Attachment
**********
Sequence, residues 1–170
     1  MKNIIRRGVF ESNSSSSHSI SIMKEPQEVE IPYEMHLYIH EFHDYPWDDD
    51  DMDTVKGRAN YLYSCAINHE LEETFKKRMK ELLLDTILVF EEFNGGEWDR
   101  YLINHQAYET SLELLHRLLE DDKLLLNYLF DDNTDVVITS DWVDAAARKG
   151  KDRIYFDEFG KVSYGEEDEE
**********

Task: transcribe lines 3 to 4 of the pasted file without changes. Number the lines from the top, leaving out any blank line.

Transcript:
    51  DMDTVKGRAN YLYSCAINHE LEETFKKRMK ELLLDTILVF EEFNGGEWDR
   101  YLINHQAYET SLELLHRLLE DDKLLLNYLF DDNTDVVITS DWVDAAARKG